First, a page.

Krisha McCoy, MS
Ascites is the buildup of excess fluid in the abdominal cavity.
Ascites can be caused by:
Factors that may increase your chance of ascites include having any of the conditions above.
Symptoms may include:
Your doctor will ask about your symptoms and medical history. A physical exam will be done.
Tests to determine cause may include:
Imaging tests look for the amount and distribution of fluid, and evaluate abdominal structures. These may include:
Some treatments will vary according to what is causing the ascites. Talk with your doctor about the best treatment plan for you. Some options include:
Diuretic medications cause the kidneys to excrete more sodium and water in the urine. These medications are often recommended as the treatment of choice for ascites, along with sodium restriction.
Ascites can be treated by inserting a hollow needle into the abdomen and removing excess fluid through the needle.
If the other treatments are not effective and the ascites keep coming back, surgery can be done to divert blood away from the liver.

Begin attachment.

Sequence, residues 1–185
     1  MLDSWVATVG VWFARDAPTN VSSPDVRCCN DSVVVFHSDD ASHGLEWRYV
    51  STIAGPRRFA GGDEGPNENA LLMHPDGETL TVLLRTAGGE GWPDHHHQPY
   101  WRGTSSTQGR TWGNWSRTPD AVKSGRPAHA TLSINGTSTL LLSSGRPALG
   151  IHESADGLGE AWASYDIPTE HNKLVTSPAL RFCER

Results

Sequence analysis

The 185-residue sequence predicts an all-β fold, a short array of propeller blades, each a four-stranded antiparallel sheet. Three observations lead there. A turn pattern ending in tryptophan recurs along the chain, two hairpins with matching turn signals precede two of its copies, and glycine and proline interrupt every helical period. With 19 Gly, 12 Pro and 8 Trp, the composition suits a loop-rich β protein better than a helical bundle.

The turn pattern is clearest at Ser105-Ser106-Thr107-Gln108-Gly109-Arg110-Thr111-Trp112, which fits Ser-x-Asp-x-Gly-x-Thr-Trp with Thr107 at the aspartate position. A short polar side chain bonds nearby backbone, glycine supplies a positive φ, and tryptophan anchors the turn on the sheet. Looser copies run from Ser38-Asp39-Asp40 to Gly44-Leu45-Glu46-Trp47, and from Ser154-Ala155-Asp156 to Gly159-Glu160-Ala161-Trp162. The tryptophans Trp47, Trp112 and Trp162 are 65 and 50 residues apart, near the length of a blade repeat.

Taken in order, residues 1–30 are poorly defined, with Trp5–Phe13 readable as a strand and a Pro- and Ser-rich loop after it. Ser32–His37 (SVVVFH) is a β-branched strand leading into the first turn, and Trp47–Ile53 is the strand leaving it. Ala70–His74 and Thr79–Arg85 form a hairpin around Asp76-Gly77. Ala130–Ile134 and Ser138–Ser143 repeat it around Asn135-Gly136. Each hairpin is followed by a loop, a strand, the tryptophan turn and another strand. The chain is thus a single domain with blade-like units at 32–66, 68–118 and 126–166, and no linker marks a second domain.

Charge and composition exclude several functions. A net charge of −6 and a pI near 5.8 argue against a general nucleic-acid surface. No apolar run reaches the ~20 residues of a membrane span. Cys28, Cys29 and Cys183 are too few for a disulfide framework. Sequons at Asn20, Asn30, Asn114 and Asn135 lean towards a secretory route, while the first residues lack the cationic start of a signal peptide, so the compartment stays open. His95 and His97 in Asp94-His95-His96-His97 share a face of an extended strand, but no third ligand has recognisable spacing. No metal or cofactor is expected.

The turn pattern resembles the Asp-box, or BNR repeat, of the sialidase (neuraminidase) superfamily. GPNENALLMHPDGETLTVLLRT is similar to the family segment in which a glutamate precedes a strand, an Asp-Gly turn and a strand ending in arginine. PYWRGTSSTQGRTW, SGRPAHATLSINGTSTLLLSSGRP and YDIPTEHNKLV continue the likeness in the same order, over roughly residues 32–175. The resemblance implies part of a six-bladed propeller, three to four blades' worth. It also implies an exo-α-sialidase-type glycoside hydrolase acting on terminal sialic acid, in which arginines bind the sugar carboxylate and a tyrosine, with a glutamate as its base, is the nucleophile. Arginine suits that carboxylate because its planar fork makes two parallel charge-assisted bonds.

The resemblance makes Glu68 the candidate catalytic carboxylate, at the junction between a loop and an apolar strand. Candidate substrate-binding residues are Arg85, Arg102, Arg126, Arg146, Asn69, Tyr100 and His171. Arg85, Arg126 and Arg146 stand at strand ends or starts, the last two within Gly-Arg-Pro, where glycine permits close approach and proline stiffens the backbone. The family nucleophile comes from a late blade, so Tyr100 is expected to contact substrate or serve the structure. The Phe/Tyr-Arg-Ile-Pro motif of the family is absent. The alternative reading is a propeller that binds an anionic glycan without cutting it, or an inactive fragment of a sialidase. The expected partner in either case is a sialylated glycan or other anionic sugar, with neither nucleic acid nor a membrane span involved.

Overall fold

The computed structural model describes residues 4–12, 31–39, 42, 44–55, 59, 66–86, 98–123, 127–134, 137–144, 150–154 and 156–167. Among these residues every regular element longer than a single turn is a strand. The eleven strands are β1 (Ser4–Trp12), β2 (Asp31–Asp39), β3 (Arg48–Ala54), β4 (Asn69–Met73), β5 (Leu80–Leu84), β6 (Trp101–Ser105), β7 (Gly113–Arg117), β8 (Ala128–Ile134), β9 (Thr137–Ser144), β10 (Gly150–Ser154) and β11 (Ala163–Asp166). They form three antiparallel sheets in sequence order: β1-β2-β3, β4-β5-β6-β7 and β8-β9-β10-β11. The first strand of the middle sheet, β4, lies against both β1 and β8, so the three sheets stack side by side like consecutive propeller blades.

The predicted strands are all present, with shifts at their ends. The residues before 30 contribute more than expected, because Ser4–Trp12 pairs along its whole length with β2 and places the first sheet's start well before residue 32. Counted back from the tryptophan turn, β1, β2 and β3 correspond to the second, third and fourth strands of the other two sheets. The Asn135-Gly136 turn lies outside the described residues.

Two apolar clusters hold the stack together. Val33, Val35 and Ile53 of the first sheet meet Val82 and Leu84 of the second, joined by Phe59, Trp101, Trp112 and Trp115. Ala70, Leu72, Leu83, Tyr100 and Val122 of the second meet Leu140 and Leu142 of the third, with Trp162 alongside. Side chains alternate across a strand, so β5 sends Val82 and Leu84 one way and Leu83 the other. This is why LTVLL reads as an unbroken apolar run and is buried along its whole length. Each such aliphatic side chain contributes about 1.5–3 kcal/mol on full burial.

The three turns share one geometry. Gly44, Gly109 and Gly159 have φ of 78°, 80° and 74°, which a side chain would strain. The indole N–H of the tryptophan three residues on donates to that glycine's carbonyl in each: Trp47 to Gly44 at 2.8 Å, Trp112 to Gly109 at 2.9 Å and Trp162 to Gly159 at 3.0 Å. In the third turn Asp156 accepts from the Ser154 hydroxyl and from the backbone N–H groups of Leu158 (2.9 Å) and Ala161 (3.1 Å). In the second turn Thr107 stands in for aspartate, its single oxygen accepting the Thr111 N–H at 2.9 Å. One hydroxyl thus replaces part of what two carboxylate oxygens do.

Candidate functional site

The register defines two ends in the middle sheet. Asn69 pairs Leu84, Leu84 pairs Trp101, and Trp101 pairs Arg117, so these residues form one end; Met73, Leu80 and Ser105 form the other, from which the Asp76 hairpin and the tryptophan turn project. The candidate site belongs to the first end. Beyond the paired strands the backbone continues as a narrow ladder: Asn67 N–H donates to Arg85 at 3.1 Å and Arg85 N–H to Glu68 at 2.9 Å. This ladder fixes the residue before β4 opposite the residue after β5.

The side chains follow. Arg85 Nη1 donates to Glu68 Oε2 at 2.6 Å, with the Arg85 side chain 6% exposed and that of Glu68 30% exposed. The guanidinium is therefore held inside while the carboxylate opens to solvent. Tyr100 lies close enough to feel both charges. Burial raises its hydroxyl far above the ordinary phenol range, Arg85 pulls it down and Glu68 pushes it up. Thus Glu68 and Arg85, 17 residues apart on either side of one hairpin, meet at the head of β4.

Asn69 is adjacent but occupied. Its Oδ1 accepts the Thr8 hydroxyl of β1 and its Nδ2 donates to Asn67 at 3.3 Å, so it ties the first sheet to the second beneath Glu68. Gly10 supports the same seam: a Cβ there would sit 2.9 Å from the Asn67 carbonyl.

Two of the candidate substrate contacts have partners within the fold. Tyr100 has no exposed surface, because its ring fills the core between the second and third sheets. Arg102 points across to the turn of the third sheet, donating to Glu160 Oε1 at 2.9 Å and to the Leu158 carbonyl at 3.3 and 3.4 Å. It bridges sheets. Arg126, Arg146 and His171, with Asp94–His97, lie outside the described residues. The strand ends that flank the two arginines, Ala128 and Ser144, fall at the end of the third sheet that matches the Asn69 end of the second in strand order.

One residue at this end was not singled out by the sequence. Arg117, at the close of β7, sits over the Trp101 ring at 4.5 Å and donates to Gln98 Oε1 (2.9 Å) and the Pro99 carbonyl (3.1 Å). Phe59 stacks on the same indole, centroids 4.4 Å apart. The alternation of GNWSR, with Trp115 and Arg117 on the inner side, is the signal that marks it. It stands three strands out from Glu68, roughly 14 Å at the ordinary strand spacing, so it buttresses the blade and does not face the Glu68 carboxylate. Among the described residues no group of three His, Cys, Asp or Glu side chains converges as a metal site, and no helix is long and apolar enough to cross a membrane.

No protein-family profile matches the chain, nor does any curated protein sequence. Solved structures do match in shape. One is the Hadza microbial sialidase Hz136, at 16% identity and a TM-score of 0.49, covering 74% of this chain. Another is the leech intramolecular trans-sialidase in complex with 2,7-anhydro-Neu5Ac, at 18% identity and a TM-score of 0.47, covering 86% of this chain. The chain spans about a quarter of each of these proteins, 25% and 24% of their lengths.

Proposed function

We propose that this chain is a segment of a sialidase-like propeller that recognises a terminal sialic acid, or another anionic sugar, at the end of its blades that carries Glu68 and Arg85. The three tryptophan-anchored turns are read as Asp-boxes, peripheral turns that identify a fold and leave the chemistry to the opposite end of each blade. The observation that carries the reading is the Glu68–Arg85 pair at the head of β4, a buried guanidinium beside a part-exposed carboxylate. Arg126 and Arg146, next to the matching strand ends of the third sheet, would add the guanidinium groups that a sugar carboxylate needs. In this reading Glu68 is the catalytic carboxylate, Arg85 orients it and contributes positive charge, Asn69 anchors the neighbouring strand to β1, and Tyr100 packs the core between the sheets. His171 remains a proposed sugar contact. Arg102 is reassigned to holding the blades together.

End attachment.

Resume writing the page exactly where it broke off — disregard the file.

If this is not successful, a liver transplant may be necessary.
To help reduce the chance of ascites:
American Liver Foundation
National Institute of Diabetes and Digestive and Kidney Diseases
Canadian Liver Foundation
Ascites. EBSCO DynaMed website. Available at:
http://www.ebscohost.com/dynamed. Updated July 1, 2014. Accessed February 22, 2016.
Ascites: A common problem in people with cirrhosis. American College of Gastroenterology website. Available at: http://patients.gi.org/topics/ascites. Updated July 2013. Accessed February 22, 2016.
Cirrhosis. National Institute of Diabetes and Digestive and Kidney Diseases website. Available at:
http://www.niddk.nih.gov/health-information/health-topics/liver-disease/cirrhosis/Pages/facts.aspx. Updated April 2014. Accessed February 22, 2016.
Last reviewed February 2016 by Michael Woods, MD
Please be aware that this information is provided to supplement the care provided by your physician. It is neither intended nor implied to be a substitute for professional medical advice. CALL YOUR HEALTHCARE PROVIDER IMMEDIATELY IF YOU THINK YOU MAY HAVE A MEDICAL EMERGENCY. Always seek the advice of your physician or other qualified health provider prior to starting any new treatment or with any questions you may have regarding a medical condition.
Copyright © EBSCO Publishing. All rights reserved.